Here is a short list of substances that can be recycled from construction site debris:

  • PVC pipes
  • Vinyl siding
  • Carpet
  • Carpet pads
  • Aluminum siding
  • Asphalt shingles
  • Concrete
  • Brick or masonry
  • Antiques or ornamental stonework
  • Wood debris
  • Gypsum
  • Steel
  • Gas pipes
  • Metal pipes
  • Plumbing fixtures that are porcelain

Each state in the United States would have its own rules on how construction site cleanup debris should be segregated, categorized, and recycled. It is always better to have an evaluation of recyclable materials done before the building is demolished than after the demolition is over. This can help to remove specific toxic waste prior to demolishing the whole structure.

addAccording to the National Association of Home Builders, in 2009 the size of the average American home was two thousand seven hundred square feet. That means for a family of four there would be, on average, six hundred seventy-five square feet of living space per person. Based on these numbers, a single person living in just five hundred square feet (the size of several micro homes) sounds perfectly reasonable, in fact, it sounds like what many people are already accustomed to. Oh yeah, I forgot to mention the part about not being able to have a swimming pool, back yard, barbecue, tree house, tool shed, garage or anything else you would have outside of your home. Since most micro housing is being located in densely populated areas, the people that would live in them have already decided they don't need any of these things, or have found an acceptable alternative.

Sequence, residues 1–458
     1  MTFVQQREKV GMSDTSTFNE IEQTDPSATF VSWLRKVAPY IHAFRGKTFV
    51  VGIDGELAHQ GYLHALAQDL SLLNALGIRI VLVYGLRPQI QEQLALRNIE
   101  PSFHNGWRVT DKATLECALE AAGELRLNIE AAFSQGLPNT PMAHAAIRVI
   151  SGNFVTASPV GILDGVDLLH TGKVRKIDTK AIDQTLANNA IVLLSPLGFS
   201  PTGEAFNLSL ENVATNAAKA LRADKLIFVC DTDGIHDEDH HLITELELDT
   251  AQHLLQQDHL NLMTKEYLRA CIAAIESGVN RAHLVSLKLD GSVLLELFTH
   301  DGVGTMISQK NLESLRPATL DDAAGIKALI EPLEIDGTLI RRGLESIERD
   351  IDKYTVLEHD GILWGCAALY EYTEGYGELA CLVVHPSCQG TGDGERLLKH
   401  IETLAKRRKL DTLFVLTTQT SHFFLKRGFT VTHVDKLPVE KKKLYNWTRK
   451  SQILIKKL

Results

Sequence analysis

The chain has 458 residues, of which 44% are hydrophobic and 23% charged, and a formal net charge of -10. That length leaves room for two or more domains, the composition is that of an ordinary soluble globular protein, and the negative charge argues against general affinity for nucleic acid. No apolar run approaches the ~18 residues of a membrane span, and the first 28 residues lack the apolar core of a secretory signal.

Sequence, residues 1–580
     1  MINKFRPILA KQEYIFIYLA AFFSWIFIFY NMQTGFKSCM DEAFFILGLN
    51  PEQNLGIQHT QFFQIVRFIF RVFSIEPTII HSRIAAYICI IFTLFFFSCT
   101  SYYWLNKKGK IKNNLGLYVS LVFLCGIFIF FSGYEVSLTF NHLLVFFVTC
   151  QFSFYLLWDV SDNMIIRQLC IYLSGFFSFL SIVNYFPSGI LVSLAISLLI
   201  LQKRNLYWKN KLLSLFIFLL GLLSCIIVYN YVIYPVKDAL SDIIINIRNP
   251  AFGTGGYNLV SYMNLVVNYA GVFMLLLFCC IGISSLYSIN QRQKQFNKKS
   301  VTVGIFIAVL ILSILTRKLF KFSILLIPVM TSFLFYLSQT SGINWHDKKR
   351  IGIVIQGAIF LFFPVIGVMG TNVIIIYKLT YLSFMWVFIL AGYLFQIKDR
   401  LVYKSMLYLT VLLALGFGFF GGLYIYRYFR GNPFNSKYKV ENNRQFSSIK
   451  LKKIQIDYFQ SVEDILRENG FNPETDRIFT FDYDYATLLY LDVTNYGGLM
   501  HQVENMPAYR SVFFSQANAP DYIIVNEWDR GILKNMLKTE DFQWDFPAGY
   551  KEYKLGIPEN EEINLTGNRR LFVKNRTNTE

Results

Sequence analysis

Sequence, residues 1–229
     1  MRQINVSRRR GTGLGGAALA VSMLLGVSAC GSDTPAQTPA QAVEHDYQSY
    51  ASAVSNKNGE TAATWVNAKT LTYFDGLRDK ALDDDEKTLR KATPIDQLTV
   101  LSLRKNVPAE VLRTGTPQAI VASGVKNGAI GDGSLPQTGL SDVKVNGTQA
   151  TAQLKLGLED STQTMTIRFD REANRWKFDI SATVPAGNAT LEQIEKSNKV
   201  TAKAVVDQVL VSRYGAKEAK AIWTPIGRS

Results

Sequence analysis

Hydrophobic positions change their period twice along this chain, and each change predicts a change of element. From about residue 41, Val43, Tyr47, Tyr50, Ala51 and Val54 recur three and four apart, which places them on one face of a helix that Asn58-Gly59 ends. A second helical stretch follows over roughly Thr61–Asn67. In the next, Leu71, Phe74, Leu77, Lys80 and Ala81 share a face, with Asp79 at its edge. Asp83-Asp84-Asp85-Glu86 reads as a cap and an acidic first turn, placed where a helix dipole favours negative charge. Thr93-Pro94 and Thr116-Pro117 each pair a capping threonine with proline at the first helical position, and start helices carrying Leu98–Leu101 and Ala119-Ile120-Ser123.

However, if you look at the bigger picture it sounds like we are choosing to be packed like sardines into a can. If you take into consideration that there are nearly three million square miles of land in the contiguous United States, and let's say half of it is either BLM, watershed or national park (that's a heavy estimate). This leaves us with one hundred and fifty million square miles of good old-fashioned Tera-firma. The current population of the United States is a little over three million people. Simple math will lead us to the conclusion that there is enough physical land to put only two people on each square mile.